Prisoners key to international peace moves


Basque political prisoners have agreed to endorse a political strategy as part of a number of key statements by the prisoners aimed at finding a solution to the ongoing independence struggle in the Basque Country.

In a statement this week, the Basque Political Prisoners Collective set out a number of issues in which they can play an active role. They stated that they endorse the pursuance of political objectives through exclusively political means, and significantly, also recognised the suffering of all those who had been affected by the conflict.

The Basque armed group, ETA, declared an end to their armed campaign two years ago, and pressure has grown on the Spanish state to play an active and positive role in a potential Basque peace process. In a recent ruling, the European Court of Human Rights (ECHR) ordered the Madrid government to free dozens of Basque political prisoners it had attempted to keep in jail after they qualified for release.

Sinn Fein’s Gerry Kelly welcomed the advance and urged talks between Madrid and the Basque representatives.

“In any conflict political prisoners have a key role to play in finding a resolution to that particular conflict,” said Mr Kelly. “Dealing with the issue of prisoners is an essential part of developing the peace process.”

He said conditions existed for new steps aimed at resolving the conflict in the Basque Country.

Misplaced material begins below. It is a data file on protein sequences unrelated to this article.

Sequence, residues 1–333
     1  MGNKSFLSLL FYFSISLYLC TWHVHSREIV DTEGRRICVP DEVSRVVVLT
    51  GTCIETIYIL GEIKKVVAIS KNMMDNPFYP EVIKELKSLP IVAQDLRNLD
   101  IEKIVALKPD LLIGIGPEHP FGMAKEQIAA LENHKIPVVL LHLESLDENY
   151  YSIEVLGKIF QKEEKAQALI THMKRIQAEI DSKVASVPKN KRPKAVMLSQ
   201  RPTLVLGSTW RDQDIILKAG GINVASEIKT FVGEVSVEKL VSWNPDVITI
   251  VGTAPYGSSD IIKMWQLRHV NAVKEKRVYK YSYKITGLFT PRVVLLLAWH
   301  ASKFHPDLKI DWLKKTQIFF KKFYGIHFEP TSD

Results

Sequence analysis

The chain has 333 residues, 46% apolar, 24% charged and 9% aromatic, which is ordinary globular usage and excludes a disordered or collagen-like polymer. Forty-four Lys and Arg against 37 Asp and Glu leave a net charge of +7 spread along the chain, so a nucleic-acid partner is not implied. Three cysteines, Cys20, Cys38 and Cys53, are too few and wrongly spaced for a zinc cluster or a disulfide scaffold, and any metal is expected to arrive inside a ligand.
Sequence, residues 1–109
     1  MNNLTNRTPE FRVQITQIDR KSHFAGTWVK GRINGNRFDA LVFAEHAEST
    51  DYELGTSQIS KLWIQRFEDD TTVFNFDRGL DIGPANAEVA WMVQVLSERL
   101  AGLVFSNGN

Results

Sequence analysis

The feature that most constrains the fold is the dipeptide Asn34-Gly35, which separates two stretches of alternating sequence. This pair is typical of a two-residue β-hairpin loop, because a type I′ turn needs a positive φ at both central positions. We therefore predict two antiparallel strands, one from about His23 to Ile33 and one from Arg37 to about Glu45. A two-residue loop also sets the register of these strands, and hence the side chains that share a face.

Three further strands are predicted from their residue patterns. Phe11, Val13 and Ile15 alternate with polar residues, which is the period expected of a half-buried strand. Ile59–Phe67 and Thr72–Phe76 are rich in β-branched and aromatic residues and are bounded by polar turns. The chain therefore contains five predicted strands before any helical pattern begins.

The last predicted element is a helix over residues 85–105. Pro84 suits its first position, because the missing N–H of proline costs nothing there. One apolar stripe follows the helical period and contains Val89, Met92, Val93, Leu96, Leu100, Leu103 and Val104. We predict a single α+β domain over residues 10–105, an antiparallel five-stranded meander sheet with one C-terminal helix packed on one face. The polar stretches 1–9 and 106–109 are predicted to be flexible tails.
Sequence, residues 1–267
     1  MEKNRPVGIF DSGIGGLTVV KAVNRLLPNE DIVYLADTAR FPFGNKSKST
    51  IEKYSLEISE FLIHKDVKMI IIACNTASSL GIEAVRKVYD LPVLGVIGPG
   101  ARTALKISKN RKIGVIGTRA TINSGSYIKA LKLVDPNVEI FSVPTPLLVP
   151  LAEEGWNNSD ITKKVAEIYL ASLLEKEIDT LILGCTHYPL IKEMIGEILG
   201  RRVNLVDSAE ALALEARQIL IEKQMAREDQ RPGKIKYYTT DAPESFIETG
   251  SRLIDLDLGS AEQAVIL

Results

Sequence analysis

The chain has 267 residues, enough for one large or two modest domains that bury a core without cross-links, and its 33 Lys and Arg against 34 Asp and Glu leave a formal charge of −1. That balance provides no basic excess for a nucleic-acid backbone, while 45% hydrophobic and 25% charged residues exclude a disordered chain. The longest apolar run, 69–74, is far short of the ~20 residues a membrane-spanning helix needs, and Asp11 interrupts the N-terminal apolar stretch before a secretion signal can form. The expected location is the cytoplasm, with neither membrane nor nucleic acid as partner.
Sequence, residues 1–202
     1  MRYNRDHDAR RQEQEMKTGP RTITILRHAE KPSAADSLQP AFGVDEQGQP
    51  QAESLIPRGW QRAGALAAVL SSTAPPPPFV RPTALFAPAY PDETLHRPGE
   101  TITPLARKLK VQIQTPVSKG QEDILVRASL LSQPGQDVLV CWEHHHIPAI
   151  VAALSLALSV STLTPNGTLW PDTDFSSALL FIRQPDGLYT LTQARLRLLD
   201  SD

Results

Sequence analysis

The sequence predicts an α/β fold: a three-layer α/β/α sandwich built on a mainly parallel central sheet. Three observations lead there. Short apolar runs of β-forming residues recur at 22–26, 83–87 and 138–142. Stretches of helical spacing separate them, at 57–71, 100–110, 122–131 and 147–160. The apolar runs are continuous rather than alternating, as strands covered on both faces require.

“The Spanish government should now recognise and reciprocate the valuable contribution that this statement has made to the entire process.

“There should now be movement on the issue of Basque political prisoners by the Spanish Government. They should release all ill prisoners immediately while transferring all political prisoners to gaols in the Basque Country pending their eventual release.”


Meanwhile, more than two dozen Palestinian prisoners have been freed as part of a deal to restart Middle East peace talks.

The prisoners received heroes’ welcomes on their return to the West Bank and Gaza with officials and jubilant relatives lining up to greet them.

At his headquarters in Ramallah, Palestinian Authority president Mahmoud Abbas waited to meet the men in the middle of the night. Speaking before thousands, he pledged to continue pressing for the release of long-serving and ill prisoners.

“We will not sign a final peace deal with Israel before all the prisoners are released,” he said.

Under a formula drawn up by US secretary of state John Kerry, Israelis agreed last summer to free a total of 104 long-serving Palestinian prisoners in order to restart peace talks.

In exchange the Palestinians Authority dropped its demand for Zionists to halt building of homes in the West Bank and east Jerusalem, areas captured from Palestine in 1967.

All 26 of the men have spent between 19 and 28 years in prison. They included 18 men from the West Bank, three Gazans, and five men from east Jerusalem.

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